Categories: Agriculture, Forestry, and Fishing
June 15th, 2016 3:25 pm ET -
John Howard, M.D.
During 1980-1989, Alaska had the highest work-related fatality rate of any state in the nation, with a rate of 34.8 deaths per 100,000 workers per year compared to the average U.S. rate of 7 deaths per 100,000 workers per year. At the invitation of the Alaska Department of Health and Social Services and the Alaska Area Native Health Service of the Indian Health Service, the National Institute for Occupational Safety and Health (NIOSH) Division of Safety Research in Morgantown, West Virginia established the Alaska Field Station (AFS) in Anchorage, Alaska on August 15, 1991.
Today, we celebrate the 25th Anniversary of the establishment of the NIOSH Alaska Field Station (AFS). From its inception, the mission of AFS was to combat the urgent problem of work-related fatalities in Alaska. AFS served as a “catalyst for change” by providing a scientific assessment of occupational safety hazards, such as identifying the state’s highest risk industries, the workers most at risk of fatality and the highest priority problems.
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Categories: Wholesale and Retail Trade, Young Workers
June 8th, 2016 1:26 pm ET -
June, which is National Safety Month, is an appropriate time to focus on young workers, as they head out of school and into the workforce. Many of them will find jobs in the retail industry, a leading employer of young workers in the United States.
In 2014, there were approximately 18.1 million workers younger than age 24 in the U.S. These workers represented 13% of the U.S. workforce. Young workers have high workplace injury rates, explained in part by the high frequency of hazards in their typical workplaces. In retail work settings, for instance, slippery floors and use of knives and energized equipment are common hazards. Inexperience and lack of safety training also increase injury risks for young workers. The youngest— those in middle and high schools—may have physical and psychosocial limitations that lead to higher injury rates.
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Categories: National Occupational Research Agenda, Respiratory Health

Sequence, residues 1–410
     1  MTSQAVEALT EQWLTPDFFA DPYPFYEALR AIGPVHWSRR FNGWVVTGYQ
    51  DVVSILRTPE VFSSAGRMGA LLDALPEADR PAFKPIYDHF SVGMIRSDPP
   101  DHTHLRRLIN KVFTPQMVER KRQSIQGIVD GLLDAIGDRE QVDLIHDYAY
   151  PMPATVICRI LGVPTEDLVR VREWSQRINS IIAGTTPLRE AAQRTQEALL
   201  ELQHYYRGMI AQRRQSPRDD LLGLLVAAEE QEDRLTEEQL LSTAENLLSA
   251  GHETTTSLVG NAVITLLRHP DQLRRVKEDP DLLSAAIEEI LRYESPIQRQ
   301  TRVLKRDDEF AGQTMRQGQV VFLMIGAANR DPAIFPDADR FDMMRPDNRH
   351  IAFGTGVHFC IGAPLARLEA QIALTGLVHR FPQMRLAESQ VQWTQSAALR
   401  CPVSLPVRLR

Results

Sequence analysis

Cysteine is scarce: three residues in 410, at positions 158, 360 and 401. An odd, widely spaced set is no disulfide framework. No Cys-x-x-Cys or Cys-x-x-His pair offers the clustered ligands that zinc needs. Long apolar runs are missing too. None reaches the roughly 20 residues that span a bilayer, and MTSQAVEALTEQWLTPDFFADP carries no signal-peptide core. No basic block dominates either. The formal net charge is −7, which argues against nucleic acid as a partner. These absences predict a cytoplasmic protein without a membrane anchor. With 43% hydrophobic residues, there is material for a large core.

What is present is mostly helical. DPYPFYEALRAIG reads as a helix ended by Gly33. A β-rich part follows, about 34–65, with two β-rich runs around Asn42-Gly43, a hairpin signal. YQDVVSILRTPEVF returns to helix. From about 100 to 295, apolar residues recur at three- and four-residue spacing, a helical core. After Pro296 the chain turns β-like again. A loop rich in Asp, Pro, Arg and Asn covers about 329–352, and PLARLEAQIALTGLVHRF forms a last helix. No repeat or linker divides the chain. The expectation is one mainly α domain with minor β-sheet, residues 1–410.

June 6th, 2016 2:12 pm ET -
Paul Henneberger, ScD, and David Weissman, MD
Work-related respiratory diseases include both those that are uniquely caused by work, such as coal workers pneumoconiosis, and those that are caused by both work and non-work factors. Asthma is an example of this second type of condition. Work-related asthma is the most common respiratory disease treated in occupational health clinics in the United States. An estimated 15% of asthma among adults is attributable to work, and 23% of working asthmatics experience exacerbation at work. Extrapolated to all working asthmatics, this could affect 2.25 million Americans between the ages of 15 and 65. The medical costs for work-related asthma were estimated to be $2.29 billion in 2007.1 Total economic impact, including medical and non-medical costs, would be even greater. Other types of respiratory diseases potentially impacted by workplace exposures include chronic obstructive pulmonary disease (or COPD), hypersensitivity pneumonitis, silicosis, lung cancer, and bronchiolitis obliterans.
The National Occupational Research Agenda (NORA) is a partnership program to stimulate innovative research and improved workplace practices. Unveiled in 1996, NORA has become a research framework for the National Institute for Occupational Safety and Health (NIOSH) and the nation. Diverse parties collaborate to identify the most critical issues in workplace safety and health. Participation in NORA is broad, including stakeholders from universities, large and small businesses, professional societies, government agencies, and worker organizations.
9 Comments -
Categories: Drugs, Emergency Response/Public Sector, Motor Vehicle Safety, Observances, Total Worker Health
June 3rd, 2016 9:44 am ET -
John Howard, MD, and Kathy Lane
It’s National Safety Month. Each June, the National Safety Council and its partners raise awareness on preventing the leading causes of injury and death at work, on the roads and in our homes and communities. This year’s theme is SafeForLife. Each week of June has a different focus area. In this joint blog from the National Institute for Occupational Safety and Health (NIOSH) and the National Safety Council, we will highlight research and prevention activities in the four focus areas. Help us spread the word about National Safety Month. Downloadable materials highlighting each of the four safety topics are available on the NSC website. Share them widely to help others identify risks and stay safe – for a lifetime.
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